“It was for this reason that we went the extra-mile to try to take control of the two arms of the National Assembly. We succeeded with the Senate, and to a small measure in the House of Representatives. They are doing everything to upturn our victory in the Sen­ate so that we will be effec­tively sidelined.”

The struggle for power by these blocs has brought in its wake untold instability in the National Assembly, as they have only managed to sit for just 12 times since the inaugu­ration on June 9. One of the options on the card is to use the Senate to block the ratifi­cation of the ministers. This option may go with the wind if the court removes the leader­ship of the Senate this month, as is being widely expected in government circles. This ob­viously accounted for the long delay in the constitution of the ministerial list. In a coun­ter offensive, the new PDP in collaboration with opposition Peoples Democratic Party (PDP) is considering pressing charges of impeachable of­fences against the president, should he forge ahead with this style, which they dubbed dictatorial.

The long adjournment of plenary and the incendiary probes that are ongoing have been designed to arm-twist the president, and bring him to the negotiation table. So far, the trick has not worked. It was further learnt that the president does not trust majority of the New PDP leaders, preferring instead to work with his own people and the ACN bloc, especially with the vice presi­dent emerging from that cru­cial bloc. In realization of this goal, he has turned a blind eye to some thorny issues, like al­legations of marginalization of some sections of the country that have the capacity to rock the party in future. Indeed, the President was quoted to have acknowledged this in a recent interview with the BBC Hau­sa Service, where he said he would only appoint those who suffered with him in the last 12 years that he had been seeking for the office. The undoing of the New PDP appears to lie in its marginal presence in the party. The bloc had angled to clinch the Secretary to the Government of the Federation (SGF) by positioning former Rivers State governor, Rotimi Chibuike Amaechi.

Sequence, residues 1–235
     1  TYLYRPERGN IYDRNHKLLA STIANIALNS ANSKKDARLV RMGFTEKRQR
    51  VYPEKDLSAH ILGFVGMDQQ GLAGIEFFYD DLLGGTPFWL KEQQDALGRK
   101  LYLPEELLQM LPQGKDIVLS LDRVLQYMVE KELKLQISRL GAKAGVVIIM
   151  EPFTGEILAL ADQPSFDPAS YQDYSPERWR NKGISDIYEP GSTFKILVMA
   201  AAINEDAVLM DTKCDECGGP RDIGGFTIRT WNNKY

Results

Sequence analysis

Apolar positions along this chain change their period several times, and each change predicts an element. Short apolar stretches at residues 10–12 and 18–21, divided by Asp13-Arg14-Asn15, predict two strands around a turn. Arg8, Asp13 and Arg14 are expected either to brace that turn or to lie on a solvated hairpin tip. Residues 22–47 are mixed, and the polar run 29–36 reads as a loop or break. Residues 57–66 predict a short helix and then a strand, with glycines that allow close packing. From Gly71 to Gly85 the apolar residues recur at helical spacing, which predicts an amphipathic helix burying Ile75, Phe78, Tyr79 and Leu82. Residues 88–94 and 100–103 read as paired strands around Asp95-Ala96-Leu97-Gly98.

Having lost the slot, the fo­cus has since shifted to three ministerial positions, namely; Power, Works and Hous­ing and Education. A source within the bloc vowed that anything outside these three is unacceptable. “We lost out in the race for SGF, we lost the Petroleum ministry. Are they saying they would have won the election without us?”

The bloc of the All Progres­sives Grand Alliance (APGA) led by the Imo State Gover­nor, Chief Rochas Okorocha is not in the calculation of the power equation at all, even as the governor leads the APC Governors Forum, aka, Pro­gressives Governors Forum. Having brought in very little into the arrangement, and with insignificant presence in the party hierarchy, and in all the arms of government, they have been consigned to the realm of irrelevance despite their loud grumbles. An aide of the governor, who claimed he was not speaking with the permission of the governor and therefore would prefer anonymity, dismissed the claims of marginalization of the group in its entirety. “We joined the party to save Ni­geria from slipping into the precipice because of bad gov­ernance, corruption and impu­nity. We did not join because of expectations of juicy posi­tions. We are not complaining. The government of President Buhari is doing very well and Nigerians are satisfied with what he has done so far.”

Reminded that politics is all about struggle for power, he said calm, results and nor­malcy can be achieved with­out drawing blood. A peep into Buhari’s likely names in the ministerial list shows that it will not be any different from his previous appoint­ments in terms of bent and interests. So far the President is holding it closely to his chest. Already the list has been sent to the Department of State Services, DSS for security checks. Giving an insight into the list, the Presi­dent had said, “If I choose people I know quite well in my political party, people whom we came (together) all the way right from the All Peoples Party, Congress for Progressive Change, and the APC and we have remained together through good and trying times, what then is the reward for such dedication and suffering? They did not defect because of positions; they did not involve them­selves in the pursuit of per­sonal gains.” The list, when released is bound to elicit shock in many quarters and send ripples down the spine of many a Nigerian.